Overhead in Kenosha

Overhead in Kenosha

Jake Hoey is a freelance meteorologist who graduated from the University of Oklahoma. As well as a interested in the weather, Jake is an avid traveler, having visited 49 of our 50 states. Jake is also a recurring guest on Happenings Q&A M-F noon till 3pm. Stay tuned to find out his next appearance on the show. Find us streaming live online at www.wlip.com/ or on your radio dial at AM1050 WLIP.  Check out Jake’s weather page & give it a like https://www.facebook.com/kenoshaweather/?epa=SEARCH_BOX

December 2019

Autumn of 2019 in Kenosha has been a truly wild ride, weather-wise. September was both extremely hot and wet with around 10 inches of rain for much of town (normal is 3.5”) and average temperatures close to 5°F above normal. October started much the same with over 3 inches of rain in the first week, which is more than the normal total for the entire month.

It ended up with a slightly below normal average temperature but the heavy snow on Halloween threw us all for a loop with bitter cold to boot. That frigid air only worsened as November began, and it reached its zenith on the 12th when Kenosha saw a high of only 18°F and a low of 6°F, nearly 30°F below normal!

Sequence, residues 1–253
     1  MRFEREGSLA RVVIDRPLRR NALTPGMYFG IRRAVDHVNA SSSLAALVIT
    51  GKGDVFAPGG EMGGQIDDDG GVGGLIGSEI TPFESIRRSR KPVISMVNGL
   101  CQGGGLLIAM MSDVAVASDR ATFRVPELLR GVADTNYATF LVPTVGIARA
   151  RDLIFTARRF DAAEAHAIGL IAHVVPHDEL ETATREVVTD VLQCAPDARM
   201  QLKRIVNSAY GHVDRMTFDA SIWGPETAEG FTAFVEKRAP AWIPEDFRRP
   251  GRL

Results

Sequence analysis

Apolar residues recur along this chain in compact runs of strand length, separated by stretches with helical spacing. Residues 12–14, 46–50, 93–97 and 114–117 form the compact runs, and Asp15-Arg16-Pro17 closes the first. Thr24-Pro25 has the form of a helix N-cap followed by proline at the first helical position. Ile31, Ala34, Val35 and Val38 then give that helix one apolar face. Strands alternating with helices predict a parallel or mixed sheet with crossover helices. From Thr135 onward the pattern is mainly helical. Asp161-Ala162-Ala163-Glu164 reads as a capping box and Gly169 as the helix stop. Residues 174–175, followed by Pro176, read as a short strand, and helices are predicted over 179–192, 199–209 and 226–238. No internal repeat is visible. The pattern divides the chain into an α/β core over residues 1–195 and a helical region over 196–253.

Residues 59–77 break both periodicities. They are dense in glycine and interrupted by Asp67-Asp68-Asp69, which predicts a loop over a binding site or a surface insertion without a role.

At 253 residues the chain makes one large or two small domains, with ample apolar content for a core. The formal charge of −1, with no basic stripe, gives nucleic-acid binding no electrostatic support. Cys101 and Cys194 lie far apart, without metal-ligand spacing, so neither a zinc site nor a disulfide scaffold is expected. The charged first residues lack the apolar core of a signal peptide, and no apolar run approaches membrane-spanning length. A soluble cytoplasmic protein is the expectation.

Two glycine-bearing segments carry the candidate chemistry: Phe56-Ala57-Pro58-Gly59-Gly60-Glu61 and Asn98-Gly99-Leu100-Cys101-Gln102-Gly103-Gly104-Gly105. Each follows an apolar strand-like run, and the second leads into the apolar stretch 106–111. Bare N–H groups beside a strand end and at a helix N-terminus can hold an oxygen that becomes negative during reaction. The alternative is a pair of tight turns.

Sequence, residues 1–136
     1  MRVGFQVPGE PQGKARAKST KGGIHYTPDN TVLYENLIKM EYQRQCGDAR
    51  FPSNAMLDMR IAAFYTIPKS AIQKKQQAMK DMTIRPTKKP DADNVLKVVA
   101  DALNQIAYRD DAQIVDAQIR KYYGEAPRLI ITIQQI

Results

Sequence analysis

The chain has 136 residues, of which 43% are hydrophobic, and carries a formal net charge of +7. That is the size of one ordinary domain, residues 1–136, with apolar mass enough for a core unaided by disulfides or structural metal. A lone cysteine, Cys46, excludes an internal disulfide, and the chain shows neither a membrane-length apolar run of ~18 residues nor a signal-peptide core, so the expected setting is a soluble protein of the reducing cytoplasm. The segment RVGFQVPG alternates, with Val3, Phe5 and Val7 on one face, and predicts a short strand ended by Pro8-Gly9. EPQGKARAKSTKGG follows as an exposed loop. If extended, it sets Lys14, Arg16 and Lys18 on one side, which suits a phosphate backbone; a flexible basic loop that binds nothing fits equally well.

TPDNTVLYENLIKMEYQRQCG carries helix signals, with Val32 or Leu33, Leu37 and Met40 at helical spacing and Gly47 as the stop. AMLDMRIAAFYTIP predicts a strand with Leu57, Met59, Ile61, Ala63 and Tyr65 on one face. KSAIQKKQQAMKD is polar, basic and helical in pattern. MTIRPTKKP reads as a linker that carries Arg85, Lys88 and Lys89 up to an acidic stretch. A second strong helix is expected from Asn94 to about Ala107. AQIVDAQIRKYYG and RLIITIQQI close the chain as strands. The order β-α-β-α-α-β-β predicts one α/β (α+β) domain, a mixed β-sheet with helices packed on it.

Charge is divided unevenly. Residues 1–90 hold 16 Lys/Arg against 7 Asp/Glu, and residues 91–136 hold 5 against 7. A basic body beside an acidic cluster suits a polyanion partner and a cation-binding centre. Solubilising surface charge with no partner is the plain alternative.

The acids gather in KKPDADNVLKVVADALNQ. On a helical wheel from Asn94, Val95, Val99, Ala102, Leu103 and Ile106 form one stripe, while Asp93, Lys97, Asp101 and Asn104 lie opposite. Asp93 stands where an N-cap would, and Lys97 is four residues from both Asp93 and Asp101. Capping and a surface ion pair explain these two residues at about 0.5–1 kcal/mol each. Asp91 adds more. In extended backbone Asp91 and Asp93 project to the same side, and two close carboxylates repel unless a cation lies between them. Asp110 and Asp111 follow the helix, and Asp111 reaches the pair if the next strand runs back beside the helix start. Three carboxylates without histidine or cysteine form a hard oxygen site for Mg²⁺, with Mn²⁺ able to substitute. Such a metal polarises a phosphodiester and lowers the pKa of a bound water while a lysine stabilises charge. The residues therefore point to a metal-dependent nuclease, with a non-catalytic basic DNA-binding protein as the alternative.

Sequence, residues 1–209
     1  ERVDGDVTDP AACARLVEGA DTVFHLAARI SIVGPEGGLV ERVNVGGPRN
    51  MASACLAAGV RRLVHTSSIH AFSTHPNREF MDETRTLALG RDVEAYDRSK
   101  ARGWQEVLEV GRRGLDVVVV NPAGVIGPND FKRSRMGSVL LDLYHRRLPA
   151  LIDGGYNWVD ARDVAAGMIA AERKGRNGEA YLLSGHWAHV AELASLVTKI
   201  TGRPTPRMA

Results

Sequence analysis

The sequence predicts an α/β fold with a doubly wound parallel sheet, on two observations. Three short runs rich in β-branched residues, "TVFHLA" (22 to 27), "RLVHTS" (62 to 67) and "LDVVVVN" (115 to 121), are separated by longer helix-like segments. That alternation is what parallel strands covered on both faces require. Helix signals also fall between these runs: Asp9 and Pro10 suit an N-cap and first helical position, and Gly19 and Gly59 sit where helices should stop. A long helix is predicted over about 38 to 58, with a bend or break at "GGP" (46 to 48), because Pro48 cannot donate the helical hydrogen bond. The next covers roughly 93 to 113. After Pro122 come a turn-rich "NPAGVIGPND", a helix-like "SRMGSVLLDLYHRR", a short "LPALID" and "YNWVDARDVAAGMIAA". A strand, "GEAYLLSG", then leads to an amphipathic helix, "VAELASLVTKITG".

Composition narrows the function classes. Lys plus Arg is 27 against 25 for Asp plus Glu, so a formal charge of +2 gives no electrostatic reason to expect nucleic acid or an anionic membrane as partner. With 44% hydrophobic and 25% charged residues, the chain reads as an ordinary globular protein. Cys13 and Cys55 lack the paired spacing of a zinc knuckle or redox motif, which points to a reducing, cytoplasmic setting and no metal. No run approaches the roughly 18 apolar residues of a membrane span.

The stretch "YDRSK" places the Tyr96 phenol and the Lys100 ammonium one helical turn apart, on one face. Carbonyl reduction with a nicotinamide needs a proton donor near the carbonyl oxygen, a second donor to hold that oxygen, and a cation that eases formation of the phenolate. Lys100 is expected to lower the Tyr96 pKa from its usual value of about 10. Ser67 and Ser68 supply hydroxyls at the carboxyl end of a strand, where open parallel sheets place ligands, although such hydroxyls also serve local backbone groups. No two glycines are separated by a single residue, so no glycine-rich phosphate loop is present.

A couple more rounds of snow accompanied the cold in November, but the pattern of very wet conditions concluded in October, since November had around half to ⅔ as much rain as normal. As we enter the final month of 2019, Fall stands as probably the most extreme season overall due in large part to the high rainfall in September and October.

With over 40 inches of rainfall this year so far, we have already reached one of the highest totals in Kenosha’s recorded history (normal being in the 30-35” range). I’ll expand upon Kenosha’s 2019 weather highlights in a forthcoming column, but what do we have to look forward to for the final month of the year? Most signs point to a relatively mild December with an unfortunate trend of above normal precipitation. Hopefully, for those dreading snow, that warmth means rain is the prevailing precipitation type, but we can’t get that specific with seasonal outlooks.

For the rest of Winter, it doesn’t look as forgiving. January and February have the potential to be quite cold and snowy. Long term outlooks are oftentimes unreliable so let’s hope that’s also the case this time for the beginning part of 2020!